Recent World Economic Forum Global Competitiveness Index data suggest that Mexico is making progress in these dimensions, as reflected in the Innovation component of the indicator. One indicator is provided the Global Competitiveness Report's classification of economies by stages of development corresponding to main drivers of growth (i.e., Stage One - Factor Driven, Stage Two - Efficiency Driven, and Stage Three - Innovation Driven). At project inception, Mexico was classified as a Stage Two economy; at present, it is classified as in transition from Stage Two to Stage Three, indicating increasing importance of innovation activity. On the Innovation Factors sub-component of the GCI, Mexico's score increased from 2.95 in 2008-09 data to 3.19 in the 2011-12 data, and it was ranked on this factor at 90 th out of 134 countries in 2008-09, and 63 rd out of 142 countries in 2011-12.

    Outcomes with regard to the specific sub-objectives of the project were mixed but, in general, substantial progress was made toward the achievement of all sub-objectives.

      Objective (a): Strengthening CONACYT's institutional capacity.
      CONACYT’s business innovation programs were strengthened substantially, as were the National Program for Quality Graduate Programs, M&E activities, and CONACYT's IT platform. Its business innovation programs were in the start-up phase at project inception; at the conclusion, project-supported programs had been restructured to take advantage of early experience and the results of program evaluations and scaled up, with increased funding from the Mexican budget. The National Program for Quality Graduate Programs, which developed and implemented a program to strengthen graduate education resulted in substantially increased numbers of accredited graduate programs (from 680 in 2006 to 1304 in 2010). Improvements to IT systems have enabled more up-to-date monitoring and efficient management of CONACYT’s programs, as well as supporting the data systems needed to conduct more rigorous evaluations of CONACYT's programs. The ICR notes that changes in the structure and management of the Policy, Monitoring and Evaluation Directorate have placed a much higher importance on evaluations, which has been complemented by project financing for several evaluations. Project financing contributed to all of these aspects of CONACYT's institutional development. Efficacy of the ICP with regard to achievement of this objective is rated as "high".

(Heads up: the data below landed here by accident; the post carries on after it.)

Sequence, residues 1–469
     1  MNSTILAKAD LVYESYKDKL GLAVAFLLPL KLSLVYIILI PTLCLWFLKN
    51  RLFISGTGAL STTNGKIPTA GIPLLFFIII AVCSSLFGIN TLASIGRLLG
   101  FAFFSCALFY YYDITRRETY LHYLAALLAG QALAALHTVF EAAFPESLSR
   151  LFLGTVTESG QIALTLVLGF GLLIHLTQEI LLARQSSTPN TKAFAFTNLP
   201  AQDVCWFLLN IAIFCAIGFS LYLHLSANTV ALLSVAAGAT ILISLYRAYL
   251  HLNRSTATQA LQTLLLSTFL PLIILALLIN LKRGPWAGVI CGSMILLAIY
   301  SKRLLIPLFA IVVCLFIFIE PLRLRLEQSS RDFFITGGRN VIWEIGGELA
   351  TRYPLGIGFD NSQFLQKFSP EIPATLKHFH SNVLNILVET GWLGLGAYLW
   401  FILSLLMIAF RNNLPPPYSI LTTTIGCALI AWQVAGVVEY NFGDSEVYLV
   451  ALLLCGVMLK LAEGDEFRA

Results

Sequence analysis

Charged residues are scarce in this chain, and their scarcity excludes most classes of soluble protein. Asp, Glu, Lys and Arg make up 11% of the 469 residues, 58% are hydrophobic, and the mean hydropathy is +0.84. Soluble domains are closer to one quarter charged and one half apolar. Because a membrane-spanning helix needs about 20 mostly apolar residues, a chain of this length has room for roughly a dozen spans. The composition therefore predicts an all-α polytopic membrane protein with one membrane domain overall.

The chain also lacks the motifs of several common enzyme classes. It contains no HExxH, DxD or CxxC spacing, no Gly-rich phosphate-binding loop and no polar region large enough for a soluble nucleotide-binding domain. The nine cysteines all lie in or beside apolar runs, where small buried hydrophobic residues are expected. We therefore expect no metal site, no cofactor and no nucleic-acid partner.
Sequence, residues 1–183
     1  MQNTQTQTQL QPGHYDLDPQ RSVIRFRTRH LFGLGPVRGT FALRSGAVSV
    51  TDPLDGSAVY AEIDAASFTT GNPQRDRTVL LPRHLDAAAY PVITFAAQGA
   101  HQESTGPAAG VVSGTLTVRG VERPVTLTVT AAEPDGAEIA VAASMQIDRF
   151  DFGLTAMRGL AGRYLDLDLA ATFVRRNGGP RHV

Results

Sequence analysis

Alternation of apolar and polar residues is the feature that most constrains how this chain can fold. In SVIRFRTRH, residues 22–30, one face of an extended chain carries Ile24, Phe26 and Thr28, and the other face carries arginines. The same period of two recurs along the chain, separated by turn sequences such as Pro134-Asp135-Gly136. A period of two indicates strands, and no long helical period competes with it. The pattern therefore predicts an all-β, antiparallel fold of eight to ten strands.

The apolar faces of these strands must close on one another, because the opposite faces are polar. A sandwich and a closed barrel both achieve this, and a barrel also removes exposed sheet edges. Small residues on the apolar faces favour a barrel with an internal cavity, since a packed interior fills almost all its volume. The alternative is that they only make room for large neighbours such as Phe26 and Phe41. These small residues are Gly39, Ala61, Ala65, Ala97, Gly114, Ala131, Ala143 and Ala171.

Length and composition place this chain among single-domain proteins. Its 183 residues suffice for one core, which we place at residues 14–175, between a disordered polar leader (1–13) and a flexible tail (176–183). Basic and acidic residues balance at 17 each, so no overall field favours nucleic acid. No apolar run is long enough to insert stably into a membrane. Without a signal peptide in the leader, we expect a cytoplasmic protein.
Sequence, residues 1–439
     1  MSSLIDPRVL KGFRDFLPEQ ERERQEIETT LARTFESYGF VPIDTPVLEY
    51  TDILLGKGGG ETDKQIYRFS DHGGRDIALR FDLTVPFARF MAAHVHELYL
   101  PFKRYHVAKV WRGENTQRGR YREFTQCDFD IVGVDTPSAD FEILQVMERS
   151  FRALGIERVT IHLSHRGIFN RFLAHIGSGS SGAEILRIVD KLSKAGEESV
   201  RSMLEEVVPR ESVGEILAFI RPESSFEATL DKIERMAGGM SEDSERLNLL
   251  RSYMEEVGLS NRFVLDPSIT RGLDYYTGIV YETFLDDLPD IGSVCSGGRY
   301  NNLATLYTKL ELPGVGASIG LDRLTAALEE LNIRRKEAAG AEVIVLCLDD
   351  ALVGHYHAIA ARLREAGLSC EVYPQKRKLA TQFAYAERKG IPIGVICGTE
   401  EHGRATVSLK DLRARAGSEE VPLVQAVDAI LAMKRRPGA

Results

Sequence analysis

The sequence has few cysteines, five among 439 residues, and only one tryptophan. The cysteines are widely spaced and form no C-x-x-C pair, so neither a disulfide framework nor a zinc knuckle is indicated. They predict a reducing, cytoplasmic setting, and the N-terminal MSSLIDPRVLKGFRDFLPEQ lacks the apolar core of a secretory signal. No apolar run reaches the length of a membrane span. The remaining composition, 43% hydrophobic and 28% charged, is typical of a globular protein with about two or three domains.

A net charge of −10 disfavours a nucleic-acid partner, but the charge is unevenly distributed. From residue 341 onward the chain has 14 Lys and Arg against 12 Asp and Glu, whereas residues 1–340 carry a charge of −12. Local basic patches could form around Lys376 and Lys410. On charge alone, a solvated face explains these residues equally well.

Objective (b.1) Increase the innovative capacity of the Borrower’s private sector
      Achievements with respect to this sub-objective of the project are mixed. The indicators utilized by the project as presumptive correlates of the unobservable "innovation capacity" are "private R&D as a percentage of GDP" and "proportion of private R&D as a share of total R&D". Private R&D increased on average by 6.2 percent in real terms from 2004 through 2008 (later figures were not available at the time of preparation of the ICR) - from 0.15 percent of GDP to 0.17 percent of GDP. The ICR speculates (reasonably) that private R&D investment probably was strongly negatively affected by the global financial crisis during 2009 (overall private investment in Mexico fell by 17 percent in real terms in that year). Private R&D as percentage of total R&D increased from 2004 through 2006, but declined in 2008 due to a boost in public sector R&D as STI programs gained a higher profile in the government’s policy agenda. The ratio is likely to have declined again in 2009 due both to a contraction in private sector investment and the aforementioned increased public funding for STI. Project targets were for these two PDO indicators were thus not met.